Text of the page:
Posts categorized as Field trips

No evidence that stoats have impacted on Kapiti Island’s birds

  • North Island saddleback displaying. Photo: Rob Cross
  • Timeline for stoat arrival, detection and the trapping of three individuals on Kapiti Island. The curve shows saddleback count results over the same period (average number of birds counted per 5 minutes), with no apparent reduction during the time that stoats were known to be present. Image: Colin Miskelly, Te Papa
  • A saddleback specimen in the Te Papa collection – an unwilling sentinel species for stoat impacts. Image: Te Papa
  • The skeleton of the male stoat trapped on Kapiti Island in February 2011 is held by Te Papa (LM 2603). Photo: Colin Miskelly, Te Papa

Kapiti Island is one of New Zealand’s premier bird sanctuaries. It is home to nationally important populations of little spotted kiwi, kaka, North Island saddleback, stitchbird and North Island robin, as well as other threatened bird species. The island was considered to be free of all introduced mammal pests after rats were eradicated in 1996…. Read more »

Our Far South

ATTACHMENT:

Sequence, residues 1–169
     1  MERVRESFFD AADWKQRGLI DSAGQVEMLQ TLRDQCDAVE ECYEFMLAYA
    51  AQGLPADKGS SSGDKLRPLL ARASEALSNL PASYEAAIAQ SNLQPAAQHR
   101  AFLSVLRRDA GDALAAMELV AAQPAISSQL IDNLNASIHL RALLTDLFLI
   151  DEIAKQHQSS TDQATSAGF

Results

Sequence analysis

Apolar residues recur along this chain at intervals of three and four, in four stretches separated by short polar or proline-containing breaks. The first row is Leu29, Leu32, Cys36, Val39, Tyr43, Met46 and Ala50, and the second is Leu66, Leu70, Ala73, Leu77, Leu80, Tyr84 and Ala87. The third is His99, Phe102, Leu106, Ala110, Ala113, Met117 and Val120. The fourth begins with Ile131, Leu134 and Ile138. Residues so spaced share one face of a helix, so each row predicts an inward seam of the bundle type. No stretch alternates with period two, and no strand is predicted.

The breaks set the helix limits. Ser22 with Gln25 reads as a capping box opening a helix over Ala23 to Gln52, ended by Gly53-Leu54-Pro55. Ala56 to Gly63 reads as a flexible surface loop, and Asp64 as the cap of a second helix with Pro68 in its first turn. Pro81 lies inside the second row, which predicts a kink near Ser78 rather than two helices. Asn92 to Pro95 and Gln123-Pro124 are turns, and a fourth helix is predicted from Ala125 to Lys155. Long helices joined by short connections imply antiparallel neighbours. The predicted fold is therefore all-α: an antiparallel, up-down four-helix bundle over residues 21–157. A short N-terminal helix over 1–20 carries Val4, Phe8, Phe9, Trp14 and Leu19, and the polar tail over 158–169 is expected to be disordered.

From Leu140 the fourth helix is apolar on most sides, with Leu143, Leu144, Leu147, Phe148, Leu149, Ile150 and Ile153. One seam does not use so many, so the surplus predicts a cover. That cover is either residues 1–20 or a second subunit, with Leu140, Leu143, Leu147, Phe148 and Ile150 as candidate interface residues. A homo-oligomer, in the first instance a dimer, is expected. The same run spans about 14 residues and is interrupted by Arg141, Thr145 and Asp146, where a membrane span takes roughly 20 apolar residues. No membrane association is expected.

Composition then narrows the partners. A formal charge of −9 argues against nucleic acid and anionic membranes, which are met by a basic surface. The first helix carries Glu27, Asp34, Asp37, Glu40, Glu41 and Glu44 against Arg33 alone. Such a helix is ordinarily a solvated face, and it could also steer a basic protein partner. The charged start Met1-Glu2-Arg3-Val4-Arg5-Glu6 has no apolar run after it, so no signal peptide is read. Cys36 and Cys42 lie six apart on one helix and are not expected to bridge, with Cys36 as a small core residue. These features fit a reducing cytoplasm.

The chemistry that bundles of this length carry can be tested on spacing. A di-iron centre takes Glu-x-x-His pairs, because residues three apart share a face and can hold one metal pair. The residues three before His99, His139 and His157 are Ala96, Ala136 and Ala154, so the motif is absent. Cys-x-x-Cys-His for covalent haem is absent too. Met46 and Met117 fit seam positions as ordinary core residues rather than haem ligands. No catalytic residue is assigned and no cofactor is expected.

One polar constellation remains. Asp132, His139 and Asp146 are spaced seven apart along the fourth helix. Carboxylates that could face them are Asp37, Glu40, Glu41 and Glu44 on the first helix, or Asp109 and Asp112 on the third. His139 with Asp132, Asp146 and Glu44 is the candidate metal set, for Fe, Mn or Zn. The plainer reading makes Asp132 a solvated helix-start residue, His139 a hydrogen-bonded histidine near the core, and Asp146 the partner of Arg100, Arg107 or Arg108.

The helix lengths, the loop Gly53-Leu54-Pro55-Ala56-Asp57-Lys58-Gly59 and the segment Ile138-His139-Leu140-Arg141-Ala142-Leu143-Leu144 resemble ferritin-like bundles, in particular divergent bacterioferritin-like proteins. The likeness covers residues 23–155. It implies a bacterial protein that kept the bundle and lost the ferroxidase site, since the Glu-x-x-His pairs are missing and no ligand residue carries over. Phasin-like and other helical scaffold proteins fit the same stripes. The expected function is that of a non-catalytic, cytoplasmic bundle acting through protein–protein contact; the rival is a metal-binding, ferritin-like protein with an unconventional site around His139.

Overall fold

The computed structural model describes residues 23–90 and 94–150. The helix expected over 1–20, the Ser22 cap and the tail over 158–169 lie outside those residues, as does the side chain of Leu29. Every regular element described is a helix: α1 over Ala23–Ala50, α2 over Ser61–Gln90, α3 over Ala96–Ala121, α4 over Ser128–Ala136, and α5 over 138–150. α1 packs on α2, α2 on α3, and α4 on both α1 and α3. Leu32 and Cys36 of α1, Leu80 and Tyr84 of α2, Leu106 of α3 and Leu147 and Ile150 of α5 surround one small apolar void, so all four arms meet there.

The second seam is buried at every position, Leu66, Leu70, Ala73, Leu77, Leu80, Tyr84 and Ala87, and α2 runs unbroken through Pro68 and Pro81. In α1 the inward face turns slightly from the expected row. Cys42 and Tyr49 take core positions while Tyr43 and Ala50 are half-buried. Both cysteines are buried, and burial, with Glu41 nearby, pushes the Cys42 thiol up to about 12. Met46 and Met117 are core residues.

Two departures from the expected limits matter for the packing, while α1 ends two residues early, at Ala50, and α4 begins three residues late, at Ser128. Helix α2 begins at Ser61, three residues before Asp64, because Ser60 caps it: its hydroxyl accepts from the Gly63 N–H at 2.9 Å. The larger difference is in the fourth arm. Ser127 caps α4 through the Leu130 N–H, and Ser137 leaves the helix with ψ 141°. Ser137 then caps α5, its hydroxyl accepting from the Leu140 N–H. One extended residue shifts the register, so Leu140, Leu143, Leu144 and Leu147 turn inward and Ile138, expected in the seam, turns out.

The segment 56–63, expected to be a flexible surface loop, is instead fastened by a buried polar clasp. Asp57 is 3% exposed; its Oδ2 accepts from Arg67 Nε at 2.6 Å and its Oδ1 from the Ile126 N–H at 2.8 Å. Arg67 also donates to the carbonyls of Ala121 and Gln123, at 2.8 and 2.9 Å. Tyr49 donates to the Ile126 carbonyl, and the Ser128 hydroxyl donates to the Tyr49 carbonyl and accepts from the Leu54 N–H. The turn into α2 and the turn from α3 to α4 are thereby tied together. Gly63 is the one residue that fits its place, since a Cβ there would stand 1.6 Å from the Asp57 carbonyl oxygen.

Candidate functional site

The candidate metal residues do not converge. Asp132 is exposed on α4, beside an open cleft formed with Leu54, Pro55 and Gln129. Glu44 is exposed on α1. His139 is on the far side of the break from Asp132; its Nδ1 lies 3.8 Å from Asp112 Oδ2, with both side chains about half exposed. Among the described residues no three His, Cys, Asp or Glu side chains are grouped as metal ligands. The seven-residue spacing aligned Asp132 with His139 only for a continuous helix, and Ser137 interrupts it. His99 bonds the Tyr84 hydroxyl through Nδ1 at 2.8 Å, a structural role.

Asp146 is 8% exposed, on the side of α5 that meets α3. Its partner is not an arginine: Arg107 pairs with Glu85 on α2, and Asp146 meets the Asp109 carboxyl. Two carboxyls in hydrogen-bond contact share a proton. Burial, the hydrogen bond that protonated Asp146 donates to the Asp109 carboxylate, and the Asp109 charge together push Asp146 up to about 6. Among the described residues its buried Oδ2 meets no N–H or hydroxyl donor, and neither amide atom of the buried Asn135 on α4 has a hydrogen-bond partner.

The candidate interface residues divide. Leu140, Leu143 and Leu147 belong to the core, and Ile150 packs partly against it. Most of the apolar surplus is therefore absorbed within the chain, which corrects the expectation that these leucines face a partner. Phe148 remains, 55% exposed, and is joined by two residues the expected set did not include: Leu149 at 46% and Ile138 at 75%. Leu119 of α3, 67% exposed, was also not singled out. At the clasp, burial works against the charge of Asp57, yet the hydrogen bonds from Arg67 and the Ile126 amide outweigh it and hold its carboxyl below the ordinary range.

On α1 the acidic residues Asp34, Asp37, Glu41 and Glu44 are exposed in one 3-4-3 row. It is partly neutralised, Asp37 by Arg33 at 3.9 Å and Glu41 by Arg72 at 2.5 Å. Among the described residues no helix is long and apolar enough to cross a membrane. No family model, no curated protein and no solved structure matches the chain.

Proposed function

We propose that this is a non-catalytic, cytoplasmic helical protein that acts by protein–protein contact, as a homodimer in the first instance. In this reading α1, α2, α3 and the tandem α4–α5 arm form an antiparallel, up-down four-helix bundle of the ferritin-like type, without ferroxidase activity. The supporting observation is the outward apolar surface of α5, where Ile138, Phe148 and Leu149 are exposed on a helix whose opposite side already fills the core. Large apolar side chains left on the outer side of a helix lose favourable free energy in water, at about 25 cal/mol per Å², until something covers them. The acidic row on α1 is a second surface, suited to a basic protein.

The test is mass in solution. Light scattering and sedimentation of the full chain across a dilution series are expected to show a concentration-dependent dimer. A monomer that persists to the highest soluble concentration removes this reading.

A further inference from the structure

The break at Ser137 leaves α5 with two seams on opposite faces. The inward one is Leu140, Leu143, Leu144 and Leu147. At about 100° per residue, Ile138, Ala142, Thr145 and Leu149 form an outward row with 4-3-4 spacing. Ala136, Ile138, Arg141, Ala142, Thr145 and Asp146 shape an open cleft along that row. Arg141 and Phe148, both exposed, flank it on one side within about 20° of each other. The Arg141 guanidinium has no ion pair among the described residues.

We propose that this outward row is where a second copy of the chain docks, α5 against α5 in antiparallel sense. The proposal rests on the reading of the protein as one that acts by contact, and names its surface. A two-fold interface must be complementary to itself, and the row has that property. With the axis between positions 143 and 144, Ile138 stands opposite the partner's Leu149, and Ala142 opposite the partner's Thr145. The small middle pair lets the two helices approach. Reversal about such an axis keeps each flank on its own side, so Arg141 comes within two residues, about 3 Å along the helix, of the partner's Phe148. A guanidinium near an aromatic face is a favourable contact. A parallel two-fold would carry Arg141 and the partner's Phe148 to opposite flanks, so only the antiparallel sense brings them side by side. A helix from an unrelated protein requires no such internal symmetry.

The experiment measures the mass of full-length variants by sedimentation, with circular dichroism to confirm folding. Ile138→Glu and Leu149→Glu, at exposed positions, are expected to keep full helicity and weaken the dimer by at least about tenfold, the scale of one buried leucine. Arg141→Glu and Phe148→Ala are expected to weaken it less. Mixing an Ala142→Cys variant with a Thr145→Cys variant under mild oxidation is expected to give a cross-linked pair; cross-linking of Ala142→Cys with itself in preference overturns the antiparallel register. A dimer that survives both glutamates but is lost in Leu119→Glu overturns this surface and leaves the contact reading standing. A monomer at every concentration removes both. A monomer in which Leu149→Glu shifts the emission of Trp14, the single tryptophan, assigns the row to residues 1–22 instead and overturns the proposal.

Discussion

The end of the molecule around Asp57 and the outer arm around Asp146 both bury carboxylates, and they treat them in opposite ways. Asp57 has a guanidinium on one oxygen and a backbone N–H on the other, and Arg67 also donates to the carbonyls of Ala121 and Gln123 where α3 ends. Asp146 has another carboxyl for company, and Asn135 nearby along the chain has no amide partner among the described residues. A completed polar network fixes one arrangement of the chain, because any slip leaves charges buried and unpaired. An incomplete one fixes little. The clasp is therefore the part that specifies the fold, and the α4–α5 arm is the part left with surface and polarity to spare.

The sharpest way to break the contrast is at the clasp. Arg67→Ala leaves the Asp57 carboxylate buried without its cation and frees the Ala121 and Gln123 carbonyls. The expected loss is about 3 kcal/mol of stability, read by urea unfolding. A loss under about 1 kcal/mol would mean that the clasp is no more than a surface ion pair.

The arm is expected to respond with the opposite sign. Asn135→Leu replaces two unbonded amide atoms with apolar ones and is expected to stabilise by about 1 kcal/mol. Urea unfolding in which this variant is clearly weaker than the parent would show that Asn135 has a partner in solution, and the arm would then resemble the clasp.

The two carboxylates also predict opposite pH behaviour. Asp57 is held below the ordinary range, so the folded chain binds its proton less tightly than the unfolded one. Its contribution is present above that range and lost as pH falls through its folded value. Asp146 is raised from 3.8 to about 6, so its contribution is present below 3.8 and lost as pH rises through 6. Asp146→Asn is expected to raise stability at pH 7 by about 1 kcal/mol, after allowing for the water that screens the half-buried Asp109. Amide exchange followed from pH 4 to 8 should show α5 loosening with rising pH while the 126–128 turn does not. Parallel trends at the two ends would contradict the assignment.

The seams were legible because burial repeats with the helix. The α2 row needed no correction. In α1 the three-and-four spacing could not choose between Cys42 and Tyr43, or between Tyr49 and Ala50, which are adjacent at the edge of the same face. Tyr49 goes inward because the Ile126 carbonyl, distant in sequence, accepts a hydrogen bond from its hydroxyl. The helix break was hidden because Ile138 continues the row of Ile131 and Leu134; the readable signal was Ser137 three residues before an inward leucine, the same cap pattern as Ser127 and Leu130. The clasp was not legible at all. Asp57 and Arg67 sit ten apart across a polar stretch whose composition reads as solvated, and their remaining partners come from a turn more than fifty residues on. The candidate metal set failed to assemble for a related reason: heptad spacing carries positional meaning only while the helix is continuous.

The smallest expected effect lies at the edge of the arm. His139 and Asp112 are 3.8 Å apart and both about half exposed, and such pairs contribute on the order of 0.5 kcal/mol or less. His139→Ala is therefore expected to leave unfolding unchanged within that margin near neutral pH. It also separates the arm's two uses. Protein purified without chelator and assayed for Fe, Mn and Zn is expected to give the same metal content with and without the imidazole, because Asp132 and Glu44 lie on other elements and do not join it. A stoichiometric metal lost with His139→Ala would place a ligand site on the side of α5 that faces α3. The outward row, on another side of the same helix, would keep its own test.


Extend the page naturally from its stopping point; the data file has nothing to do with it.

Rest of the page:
• Auckland Islands sign and NZ sea lion pup. Photo Anton van Helden. © Te Papa
  • Elephant Seal  Auckland Islands 1995. Photo Anton van Helden .© Te Papa
  • Auckland Islands sign and pup
  • Sandy Bay Enderby Is Auckland Islands 1995

Welcome to Our Far South. This coming Friday I will be standing on the dock at Bluff, looking south, and about to board a boat heading to the sub-Antarctic Islands and the great white continent itself as part of the Our Far South project (www.ourfarsouth.org). What will I see? We all know about Stewart Island… Read more »

One step forward after three steps back – slow progress with restoring populations of New Zealand seabirds

  • Colin Miskelly holding a fluttering shearwater chick, Mana Island, January 2012. Photo: Kate McAlpine & Colin Miskelly
  • Translocated fluttering shearwater chick being fed a sardine smoothy, Mana Island, January 2007. Photo: David Cornick